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Transfus Clin Biol. 2006 Mar-Apr;13(1-2):4-12. Epub 2006 Mar 24.

Molecular genetics of RH and its clinical application.

Author information

1
Institut f├╝r Klinische Transfusionsmedizin und Immungenetik Ulm, Abteilung Transfusionsmedizin, Universit├Ątsklinikum Ulm, Ulm, Germany. willy.flegel@uni-ulm.de

Abstract

BACKGROUND:

The RH genes RHD and RHCE encode two proteins that represent the clinically most important blood group system defined by the sequences of red cell membrane proteins. In the last five years the field has been moving from defining the underlying molecular genetics to applying the molecular genetics in clinical practice.

MATERIALS AND METHODS:

The state of the current knowledge is briefly summarized using recent reviews and original work since 2000.

RESULTS:

The RHD and RHCE genes are strongly homologous and located closely adjacent at the human chromosomal position 1p36.11. Part of the genetic complexity is explained by the clustered orientation of both genes with their tail ends facing each other. The SMP1 gene is located interspersed between both RH genes. Using additional genetic features of the RH gene locus, RHCE was shown to represent the ancestral RH position, while RHD is the duplicated gene. More than 150 alleles have been defined for RHD alone. They were classified based on antigenic and clinical properties into phenotypes like partial D, weak D and DEL. Among the D negative phenotype a large variety of non-functional alleles were found. The frequencies of these distinct alleles vary widely among human populations, which has consequences for clinical practice.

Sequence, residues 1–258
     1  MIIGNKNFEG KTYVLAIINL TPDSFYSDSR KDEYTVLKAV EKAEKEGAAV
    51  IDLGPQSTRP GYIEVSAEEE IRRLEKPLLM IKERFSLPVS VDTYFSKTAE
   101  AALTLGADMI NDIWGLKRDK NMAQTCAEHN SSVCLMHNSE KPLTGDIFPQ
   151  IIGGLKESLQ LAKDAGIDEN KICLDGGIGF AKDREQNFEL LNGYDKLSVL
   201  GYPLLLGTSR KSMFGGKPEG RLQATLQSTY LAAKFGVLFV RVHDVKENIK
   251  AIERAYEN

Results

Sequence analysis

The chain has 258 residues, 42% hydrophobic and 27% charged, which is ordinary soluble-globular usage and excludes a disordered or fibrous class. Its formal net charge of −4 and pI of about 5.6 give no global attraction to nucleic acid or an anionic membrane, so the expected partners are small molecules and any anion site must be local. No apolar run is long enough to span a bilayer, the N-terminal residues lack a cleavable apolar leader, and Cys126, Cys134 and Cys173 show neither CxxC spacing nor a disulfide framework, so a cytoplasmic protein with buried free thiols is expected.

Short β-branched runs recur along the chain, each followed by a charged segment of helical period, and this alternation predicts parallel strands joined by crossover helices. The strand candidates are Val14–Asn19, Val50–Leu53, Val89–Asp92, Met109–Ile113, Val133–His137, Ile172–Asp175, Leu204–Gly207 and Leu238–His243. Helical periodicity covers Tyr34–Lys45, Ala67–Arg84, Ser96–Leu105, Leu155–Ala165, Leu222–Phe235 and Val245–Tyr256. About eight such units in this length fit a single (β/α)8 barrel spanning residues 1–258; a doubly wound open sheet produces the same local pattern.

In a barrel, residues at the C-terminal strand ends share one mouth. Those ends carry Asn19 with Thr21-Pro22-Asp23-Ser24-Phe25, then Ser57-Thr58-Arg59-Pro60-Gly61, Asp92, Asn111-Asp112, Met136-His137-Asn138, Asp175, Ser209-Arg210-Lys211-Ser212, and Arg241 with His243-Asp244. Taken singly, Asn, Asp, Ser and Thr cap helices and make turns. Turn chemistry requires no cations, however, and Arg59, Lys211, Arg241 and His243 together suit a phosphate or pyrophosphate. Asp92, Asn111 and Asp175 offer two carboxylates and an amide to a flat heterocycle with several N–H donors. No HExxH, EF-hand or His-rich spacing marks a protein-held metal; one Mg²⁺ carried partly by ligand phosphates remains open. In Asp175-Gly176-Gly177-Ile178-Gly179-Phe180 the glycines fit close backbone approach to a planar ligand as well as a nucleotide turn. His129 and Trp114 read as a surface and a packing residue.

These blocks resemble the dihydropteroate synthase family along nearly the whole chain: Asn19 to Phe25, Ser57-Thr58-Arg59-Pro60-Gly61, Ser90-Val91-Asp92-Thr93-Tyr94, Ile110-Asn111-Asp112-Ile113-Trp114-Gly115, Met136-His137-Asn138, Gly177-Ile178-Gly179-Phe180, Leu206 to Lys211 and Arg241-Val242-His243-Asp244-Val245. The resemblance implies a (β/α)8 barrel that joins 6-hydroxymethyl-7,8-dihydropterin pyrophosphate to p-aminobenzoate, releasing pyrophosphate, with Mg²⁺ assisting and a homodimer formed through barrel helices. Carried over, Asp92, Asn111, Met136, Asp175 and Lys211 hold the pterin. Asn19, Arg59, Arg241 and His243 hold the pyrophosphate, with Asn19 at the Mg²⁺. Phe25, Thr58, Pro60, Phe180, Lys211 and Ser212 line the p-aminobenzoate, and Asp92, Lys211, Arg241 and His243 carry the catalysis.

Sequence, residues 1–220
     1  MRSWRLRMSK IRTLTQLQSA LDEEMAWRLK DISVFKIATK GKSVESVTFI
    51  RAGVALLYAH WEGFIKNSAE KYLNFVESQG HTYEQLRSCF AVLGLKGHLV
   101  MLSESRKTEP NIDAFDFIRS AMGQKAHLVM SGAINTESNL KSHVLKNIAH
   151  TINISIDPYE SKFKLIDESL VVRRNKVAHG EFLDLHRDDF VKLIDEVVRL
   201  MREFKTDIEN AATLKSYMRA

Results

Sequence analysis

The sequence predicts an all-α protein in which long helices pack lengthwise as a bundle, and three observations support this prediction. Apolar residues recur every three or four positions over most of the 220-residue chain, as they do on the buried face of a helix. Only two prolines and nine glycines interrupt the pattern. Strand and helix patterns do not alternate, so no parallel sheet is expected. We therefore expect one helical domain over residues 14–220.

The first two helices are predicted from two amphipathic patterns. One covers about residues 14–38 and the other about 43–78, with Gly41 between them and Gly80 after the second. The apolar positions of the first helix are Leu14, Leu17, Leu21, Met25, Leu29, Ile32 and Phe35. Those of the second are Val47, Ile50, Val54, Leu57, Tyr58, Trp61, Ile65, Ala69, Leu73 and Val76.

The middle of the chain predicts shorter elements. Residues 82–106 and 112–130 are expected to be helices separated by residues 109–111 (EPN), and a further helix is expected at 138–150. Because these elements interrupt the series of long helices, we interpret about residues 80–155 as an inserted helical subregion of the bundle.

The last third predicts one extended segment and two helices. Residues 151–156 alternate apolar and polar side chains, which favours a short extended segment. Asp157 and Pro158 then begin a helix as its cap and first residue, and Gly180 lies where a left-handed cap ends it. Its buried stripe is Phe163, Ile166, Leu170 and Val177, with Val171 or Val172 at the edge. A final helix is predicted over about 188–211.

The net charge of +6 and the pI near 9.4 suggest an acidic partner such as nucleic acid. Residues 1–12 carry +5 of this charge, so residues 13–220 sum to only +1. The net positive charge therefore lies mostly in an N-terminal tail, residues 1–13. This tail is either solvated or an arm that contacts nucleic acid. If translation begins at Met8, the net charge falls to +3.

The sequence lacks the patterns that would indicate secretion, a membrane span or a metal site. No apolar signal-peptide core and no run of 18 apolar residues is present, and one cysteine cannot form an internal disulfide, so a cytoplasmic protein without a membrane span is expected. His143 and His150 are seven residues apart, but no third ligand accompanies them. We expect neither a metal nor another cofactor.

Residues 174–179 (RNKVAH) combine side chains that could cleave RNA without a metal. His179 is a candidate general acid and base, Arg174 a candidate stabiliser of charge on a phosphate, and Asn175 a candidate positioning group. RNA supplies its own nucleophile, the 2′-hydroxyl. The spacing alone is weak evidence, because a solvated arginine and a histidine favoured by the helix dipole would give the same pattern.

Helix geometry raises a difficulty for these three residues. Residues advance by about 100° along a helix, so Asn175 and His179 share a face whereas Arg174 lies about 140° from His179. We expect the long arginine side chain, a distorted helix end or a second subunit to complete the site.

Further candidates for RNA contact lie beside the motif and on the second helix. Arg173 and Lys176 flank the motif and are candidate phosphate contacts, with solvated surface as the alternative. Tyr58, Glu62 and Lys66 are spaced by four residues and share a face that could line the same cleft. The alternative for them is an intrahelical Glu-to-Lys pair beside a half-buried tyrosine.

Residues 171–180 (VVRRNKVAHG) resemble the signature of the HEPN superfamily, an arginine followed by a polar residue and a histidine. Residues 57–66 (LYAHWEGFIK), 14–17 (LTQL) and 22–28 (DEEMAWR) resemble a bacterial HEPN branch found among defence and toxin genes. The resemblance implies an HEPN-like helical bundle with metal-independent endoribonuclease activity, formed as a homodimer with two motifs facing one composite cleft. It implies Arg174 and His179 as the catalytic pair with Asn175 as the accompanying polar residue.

CONCLUSION:

Rhesus is a model system for the correlation of genotype and phenotype, facilitating the understanding of underlying genetic mechanisms in clustered genes. With regard to clinical practice, the genetic diagnostics of blood group antigens will advance the cost-effective development of transfusion medicine.

PMID:
16563832
DOI:
10.1016/j.tracli.2006.02.011
[Indexed for MEDLINE]

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